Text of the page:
Vidura | Who is Vidura as per the Vedic literature?

Vidura plays a key role in the Hindu epic Mahabharata. He is described as the prime minister of the Kuru kingdom and is the paternal uncle of both the Pandavas and the Kauravas.

How was Vidura born?

Vidura was born through Niyoga between the sage Vyasa and Parishrami, a handmaiden to the queens Ambika and Ambalika.

Ambika first mated with Vyasa through the niyoga process but kept her eyes closed during the process because his appearance and power frightened her. As a result, she gave birth to the blind Dhritarashtra.

Later her sister Ambalika followed the same process with Vyasa and knew to keep her eyes open. But she was pale with fear during the niyoga, and so gave birth to the pale-looking Pandu.

Finally, the queens sent their maiden Parishrami in their place, who behaved appropriately during the niyoga process and gave birth to the exceptional Vidura.

But because his mother was a handmaid rather than a queen, his status was always lower than his two half brothers.

What did Vidura do for the Pandavas?

After Krishna, Vidura was the most respected as an adviser by the Pandavas, whom he forewarned on various occasions of Duryodhana’s plots to exterminate them, such as Duryodhana’s plan to burn them alive in the house of wax.

Vidura tried to stop Yudhishthira from playing the game of dice, but his efforts were of no use. Vidura was the only one who protested against the humiliation of Draupadi in the Kaurava court.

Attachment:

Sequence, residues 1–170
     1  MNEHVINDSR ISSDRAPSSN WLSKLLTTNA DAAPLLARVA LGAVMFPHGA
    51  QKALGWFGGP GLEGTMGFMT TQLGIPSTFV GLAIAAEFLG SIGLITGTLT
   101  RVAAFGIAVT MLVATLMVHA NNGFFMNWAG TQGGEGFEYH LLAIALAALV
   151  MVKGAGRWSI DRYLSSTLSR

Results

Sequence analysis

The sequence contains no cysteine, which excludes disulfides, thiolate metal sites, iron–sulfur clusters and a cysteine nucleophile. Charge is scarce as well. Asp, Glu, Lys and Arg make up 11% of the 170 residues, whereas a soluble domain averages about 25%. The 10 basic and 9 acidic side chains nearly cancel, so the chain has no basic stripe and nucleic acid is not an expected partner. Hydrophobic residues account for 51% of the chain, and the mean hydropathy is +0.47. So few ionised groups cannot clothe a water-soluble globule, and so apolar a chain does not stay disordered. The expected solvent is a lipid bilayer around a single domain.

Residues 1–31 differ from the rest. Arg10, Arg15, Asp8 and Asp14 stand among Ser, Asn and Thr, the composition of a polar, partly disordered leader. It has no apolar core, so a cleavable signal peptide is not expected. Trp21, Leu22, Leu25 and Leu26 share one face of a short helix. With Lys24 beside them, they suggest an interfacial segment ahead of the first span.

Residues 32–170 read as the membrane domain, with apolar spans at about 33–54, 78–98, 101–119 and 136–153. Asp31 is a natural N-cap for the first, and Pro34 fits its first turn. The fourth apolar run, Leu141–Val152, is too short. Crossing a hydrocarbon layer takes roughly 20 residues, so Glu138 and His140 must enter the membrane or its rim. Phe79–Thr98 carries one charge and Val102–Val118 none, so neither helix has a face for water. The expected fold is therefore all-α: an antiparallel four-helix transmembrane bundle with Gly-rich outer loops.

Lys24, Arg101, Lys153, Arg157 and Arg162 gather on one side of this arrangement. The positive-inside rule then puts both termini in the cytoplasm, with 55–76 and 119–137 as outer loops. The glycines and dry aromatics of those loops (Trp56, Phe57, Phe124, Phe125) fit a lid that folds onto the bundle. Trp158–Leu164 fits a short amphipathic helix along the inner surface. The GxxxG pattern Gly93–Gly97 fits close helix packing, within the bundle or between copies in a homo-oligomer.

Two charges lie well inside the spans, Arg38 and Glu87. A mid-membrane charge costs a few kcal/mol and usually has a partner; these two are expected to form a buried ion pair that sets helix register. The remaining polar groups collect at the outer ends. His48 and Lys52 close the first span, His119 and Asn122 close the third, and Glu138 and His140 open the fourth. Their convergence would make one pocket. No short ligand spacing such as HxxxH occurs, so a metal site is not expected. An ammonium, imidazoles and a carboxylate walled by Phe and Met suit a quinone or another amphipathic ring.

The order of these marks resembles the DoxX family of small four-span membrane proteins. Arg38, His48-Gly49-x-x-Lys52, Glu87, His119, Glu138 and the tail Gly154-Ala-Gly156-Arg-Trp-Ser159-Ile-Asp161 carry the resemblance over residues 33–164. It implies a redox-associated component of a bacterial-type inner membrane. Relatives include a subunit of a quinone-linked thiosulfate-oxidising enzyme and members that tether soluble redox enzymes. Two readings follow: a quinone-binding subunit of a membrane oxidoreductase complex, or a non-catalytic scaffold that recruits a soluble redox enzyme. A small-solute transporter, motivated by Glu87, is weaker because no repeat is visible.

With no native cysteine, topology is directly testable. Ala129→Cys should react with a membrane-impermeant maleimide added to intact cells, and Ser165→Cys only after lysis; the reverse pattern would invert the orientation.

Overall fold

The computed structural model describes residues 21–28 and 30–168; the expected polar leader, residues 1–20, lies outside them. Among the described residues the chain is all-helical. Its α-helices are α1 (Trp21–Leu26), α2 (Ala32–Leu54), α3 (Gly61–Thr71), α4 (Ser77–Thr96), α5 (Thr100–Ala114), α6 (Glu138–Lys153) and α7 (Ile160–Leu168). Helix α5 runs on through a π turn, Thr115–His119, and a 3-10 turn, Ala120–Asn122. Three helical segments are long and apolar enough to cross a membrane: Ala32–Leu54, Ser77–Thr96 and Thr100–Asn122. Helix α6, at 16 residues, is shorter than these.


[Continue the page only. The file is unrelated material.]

Unlike Bhishma, Dronacharya, Kripacharya, and Karna, Vidura did not have an obligation to Hastinapura or Duryodhana, but to his family. Hearing Dhritarashtra not acknowledge that relationship, Vidura felt compelled to side with Dharma and the Pandavas.

How does Vidura die?

After the Kurukshetra War, Yudhishthira became the emperor and upon his request, Vidura resumed his post as Prime minister.

After many years, Vidura accompanied Dhritarashtra, Gandhari and Kunti who retired to the forests to live a simple life.

When Yudhishthira went to the forest after two years to visit them, he found Vidura’s body to be lifeless.

When he went near to the body, Vidura’s spirit entered Yudhishthira’s body and Yudhishthira realised that he and Vidura belonged to the same entity, Yama.

Yudhishthira left Vidura’s body in the wood as a heavenly voice told Yudhishthira not to cremate Vidura’s body.

In Chapters 33 through 40 of Udyoga Parva in the Mahabharata, Vidura outlines things wise people and leaders should do, and things they should not. Collectively, these are known as Vidura Niti (Vidura’s Statecraft).

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